Hence, the network based virtualization model is the only logical choice. While this model may be disparaged at times in the popular press, this will be the model that emerges if, for no other reason, than it has to. In fact, major enterprise providers like IBM, Hitachi LTD, Fujitsu Softek and Veritas appear to have already come to this same conclusion.

Hopefully one now more clearly understands the term virtualization and can see from the arguments presented that of the three presented, the network based virtualization model is the only one that makes sense long term. It should, in theory, ease the management burden of the SAN while also opening up whole new ways of thinking about storage and storage networking in the Open Systems arena.

But perhaps more important to systems managers, it should allow them to use what they already have more effectively. It will also save money in the long term without spending a great deal of new money in the short term to accomplish this. It is the best long term strategic decision for it is an objective that you may start to achieve now by spending less while purchasing the products you need more wisely. And, as a side benefit after all is said and done, you might just get to keep your job.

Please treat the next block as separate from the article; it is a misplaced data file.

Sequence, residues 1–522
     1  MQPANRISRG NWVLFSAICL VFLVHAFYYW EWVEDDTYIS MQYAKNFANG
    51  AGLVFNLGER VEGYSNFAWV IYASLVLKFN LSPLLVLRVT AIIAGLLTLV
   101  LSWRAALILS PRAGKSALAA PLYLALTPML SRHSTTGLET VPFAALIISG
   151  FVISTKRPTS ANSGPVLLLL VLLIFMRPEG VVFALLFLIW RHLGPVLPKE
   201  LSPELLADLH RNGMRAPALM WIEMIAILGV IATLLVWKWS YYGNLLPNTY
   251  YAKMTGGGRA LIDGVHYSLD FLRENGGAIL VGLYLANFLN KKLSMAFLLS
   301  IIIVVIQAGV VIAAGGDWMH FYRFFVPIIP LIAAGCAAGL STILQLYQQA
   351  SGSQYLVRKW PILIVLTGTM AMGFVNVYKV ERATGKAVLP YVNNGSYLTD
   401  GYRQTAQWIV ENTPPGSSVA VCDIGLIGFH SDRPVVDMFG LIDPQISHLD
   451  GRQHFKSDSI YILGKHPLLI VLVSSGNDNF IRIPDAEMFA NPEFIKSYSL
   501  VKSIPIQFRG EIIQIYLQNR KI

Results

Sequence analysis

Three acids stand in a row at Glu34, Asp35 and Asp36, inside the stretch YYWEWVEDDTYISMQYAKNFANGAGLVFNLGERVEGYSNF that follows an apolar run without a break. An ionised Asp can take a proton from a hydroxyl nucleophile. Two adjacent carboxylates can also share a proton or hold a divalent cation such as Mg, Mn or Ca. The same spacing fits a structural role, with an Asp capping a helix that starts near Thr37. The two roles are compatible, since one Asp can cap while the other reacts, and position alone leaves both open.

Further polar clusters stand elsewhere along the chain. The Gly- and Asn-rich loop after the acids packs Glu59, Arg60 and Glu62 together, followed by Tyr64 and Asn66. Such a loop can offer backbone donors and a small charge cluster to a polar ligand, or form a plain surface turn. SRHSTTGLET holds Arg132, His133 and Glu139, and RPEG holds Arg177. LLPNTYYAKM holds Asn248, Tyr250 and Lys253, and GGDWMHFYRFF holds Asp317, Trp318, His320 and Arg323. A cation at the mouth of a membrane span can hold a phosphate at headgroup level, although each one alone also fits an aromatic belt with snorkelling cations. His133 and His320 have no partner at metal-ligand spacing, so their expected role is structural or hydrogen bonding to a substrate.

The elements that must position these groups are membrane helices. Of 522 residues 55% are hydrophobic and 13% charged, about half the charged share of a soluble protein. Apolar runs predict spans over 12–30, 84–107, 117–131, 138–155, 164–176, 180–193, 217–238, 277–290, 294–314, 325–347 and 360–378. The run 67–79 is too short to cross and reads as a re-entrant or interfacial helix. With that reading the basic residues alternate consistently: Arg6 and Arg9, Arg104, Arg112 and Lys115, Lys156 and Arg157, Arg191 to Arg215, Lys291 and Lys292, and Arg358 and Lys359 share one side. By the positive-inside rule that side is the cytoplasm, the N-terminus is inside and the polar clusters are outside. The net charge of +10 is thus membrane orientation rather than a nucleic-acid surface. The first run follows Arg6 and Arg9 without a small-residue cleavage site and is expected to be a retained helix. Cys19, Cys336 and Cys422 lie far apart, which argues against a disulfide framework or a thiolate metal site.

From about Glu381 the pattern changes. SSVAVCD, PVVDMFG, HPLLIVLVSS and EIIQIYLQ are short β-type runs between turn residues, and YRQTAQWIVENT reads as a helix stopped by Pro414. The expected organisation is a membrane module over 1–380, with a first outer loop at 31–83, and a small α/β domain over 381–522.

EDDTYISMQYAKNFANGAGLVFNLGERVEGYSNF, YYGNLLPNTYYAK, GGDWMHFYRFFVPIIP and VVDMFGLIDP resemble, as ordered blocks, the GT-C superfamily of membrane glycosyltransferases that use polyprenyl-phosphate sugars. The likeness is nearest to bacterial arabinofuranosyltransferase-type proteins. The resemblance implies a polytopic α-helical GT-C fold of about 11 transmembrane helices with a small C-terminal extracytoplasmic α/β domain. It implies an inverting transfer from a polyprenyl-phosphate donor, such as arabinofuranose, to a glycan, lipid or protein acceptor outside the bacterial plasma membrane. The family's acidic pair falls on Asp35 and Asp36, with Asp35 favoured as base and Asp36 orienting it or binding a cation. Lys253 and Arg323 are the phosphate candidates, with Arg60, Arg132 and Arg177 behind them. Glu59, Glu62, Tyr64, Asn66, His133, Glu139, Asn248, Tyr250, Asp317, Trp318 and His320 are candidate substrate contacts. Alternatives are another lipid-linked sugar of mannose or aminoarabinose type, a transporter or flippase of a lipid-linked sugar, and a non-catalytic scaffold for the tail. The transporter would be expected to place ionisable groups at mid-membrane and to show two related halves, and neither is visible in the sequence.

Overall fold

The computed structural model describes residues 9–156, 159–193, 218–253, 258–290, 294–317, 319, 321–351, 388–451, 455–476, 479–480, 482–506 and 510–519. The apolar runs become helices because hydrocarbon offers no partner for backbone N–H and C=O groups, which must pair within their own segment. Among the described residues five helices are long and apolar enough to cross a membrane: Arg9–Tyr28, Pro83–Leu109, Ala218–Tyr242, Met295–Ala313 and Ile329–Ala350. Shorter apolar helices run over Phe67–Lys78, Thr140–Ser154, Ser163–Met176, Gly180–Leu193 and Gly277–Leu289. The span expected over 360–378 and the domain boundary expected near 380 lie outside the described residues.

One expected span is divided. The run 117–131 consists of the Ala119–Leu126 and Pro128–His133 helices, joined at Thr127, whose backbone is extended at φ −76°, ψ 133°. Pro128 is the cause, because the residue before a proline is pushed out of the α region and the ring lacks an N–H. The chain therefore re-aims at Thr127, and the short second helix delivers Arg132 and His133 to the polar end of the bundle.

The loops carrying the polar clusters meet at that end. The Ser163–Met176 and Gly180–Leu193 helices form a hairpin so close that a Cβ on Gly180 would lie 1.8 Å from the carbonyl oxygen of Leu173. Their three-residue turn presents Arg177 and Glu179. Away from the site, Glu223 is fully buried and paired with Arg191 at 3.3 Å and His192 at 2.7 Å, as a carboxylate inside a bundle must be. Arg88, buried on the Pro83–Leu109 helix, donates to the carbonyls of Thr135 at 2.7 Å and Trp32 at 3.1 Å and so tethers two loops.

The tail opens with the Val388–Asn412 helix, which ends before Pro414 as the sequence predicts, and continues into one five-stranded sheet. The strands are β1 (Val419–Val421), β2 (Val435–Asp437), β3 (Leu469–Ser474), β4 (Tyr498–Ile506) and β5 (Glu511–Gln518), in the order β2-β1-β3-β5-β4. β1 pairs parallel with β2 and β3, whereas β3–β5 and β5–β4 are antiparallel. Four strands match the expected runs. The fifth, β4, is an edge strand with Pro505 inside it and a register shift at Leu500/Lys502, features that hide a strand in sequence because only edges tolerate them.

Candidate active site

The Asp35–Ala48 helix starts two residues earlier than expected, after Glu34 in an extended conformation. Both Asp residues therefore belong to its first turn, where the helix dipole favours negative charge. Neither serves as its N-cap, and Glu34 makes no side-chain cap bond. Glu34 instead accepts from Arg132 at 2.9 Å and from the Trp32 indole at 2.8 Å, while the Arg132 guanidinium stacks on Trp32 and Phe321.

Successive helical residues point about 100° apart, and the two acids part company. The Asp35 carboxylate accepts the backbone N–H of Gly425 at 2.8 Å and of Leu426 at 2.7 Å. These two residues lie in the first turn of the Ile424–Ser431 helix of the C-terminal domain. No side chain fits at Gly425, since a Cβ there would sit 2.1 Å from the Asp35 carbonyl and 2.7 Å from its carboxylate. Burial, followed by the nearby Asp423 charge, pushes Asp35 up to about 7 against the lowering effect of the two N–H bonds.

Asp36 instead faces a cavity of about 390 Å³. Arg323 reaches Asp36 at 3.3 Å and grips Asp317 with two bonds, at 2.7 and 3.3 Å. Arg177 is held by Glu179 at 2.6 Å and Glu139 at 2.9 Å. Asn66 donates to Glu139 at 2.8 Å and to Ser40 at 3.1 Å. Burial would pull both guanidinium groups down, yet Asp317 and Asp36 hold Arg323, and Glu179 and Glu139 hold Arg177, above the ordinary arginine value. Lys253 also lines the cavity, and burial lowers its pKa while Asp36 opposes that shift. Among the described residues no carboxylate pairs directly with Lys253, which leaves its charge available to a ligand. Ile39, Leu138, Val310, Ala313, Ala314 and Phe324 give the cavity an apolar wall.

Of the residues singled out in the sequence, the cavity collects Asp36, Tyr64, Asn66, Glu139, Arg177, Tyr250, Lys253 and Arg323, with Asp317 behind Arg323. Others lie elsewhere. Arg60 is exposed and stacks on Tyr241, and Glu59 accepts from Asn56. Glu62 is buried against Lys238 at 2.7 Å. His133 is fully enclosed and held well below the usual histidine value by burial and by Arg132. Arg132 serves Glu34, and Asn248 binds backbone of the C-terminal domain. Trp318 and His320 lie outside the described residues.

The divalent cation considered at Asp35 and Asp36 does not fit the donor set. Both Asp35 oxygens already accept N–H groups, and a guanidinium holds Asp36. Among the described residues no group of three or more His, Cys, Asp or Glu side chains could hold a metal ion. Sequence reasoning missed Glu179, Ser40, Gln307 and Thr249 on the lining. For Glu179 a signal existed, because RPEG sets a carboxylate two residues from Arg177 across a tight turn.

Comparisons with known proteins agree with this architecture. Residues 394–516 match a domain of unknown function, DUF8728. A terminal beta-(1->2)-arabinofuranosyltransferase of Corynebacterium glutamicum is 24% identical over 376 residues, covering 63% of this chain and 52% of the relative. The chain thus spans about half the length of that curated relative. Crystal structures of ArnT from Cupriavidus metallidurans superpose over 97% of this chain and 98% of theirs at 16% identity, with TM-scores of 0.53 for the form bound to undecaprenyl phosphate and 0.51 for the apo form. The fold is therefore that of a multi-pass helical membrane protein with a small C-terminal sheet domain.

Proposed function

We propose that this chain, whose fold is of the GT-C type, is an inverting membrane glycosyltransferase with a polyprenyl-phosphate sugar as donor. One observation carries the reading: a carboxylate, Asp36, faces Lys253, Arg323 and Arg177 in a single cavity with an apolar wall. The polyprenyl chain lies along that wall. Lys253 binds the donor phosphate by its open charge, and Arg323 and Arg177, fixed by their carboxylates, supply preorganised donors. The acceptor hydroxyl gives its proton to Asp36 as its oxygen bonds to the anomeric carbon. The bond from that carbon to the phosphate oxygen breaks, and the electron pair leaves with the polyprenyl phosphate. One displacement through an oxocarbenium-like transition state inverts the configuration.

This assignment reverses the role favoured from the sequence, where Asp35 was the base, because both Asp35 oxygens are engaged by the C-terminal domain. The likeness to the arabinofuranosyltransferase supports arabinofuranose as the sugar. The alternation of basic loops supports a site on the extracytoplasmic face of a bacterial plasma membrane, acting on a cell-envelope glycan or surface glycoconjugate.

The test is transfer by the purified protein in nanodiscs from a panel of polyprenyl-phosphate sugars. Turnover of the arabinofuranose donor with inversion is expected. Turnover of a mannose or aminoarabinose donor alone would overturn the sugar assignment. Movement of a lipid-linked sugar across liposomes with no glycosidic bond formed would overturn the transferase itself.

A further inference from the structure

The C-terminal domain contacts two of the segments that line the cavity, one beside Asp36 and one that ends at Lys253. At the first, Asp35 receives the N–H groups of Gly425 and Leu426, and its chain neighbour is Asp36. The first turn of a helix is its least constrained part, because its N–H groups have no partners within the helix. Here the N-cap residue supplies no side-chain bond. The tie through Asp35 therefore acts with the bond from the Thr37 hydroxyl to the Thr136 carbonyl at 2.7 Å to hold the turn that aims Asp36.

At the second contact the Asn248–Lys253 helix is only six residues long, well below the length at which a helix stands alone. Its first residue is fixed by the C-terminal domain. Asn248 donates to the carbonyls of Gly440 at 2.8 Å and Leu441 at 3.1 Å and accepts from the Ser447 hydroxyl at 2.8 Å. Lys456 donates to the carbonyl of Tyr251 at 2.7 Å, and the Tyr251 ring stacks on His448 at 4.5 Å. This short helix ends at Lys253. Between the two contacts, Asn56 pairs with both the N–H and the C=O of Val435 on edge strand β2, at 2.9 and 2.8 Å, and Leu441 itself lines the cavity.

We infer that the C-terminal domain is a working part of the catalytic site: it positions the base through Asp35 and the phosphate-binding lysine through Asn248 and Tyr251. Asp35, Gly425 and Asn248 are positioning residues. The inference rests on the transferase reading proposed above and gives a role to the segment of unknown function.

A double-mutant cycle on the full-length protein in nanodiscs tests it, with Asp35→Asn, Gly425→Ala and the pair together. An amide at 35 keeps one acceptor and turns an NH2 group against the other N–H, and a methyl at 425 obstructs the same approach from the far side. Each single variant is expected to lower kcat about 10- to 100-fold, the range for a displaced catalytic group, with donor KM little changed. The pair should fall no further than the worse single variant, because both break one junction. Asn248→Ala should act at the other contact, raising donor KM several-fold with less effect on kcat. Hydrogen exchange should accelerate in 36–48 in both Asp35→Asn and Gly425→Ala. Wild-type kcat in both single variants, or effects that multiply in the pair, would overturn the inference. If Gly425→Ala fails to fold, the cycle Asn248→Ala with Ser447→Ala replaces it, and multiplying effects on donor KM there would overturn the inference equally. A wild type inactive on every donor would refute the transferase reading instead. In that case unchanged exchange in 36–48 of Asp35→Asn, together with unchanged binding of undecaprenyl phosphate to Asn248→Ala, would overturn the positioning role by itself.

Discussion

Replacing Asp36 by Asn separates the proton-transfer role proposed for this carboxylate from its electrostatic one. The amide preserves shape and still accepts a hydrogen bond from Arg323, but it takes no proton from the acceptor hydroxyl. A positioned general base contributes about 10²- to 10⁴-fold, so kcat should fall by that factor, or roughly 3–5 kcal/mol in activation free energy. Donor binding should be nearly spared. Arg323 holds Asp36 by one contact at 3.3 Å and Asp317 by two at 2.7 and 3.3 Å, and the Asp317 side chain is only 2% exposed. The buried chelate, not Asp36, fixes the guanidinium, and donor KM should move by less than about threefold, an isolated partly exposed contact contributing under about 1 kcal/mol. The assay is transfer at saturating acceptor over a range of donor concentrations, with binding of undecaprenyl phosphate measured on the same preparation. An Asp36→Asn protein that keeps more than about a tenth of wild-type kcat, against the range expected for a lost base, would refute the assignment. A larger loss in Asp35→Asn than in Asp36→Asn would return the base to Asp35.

About the author:

Jerome Wendt is a Sr. Information Systems Analyst for First Data Corp. He is responsible for Managing and resolving performance related issues. Jerome is also responsible for exploring new SAN and open systems storage related technologies to solve business and technical problems in the data center.

Click to read the first installment of  "Normalizing a SAN".

Get definitions of virtualization in  Part 2 of Jerome's tip.

This was first published in October 2002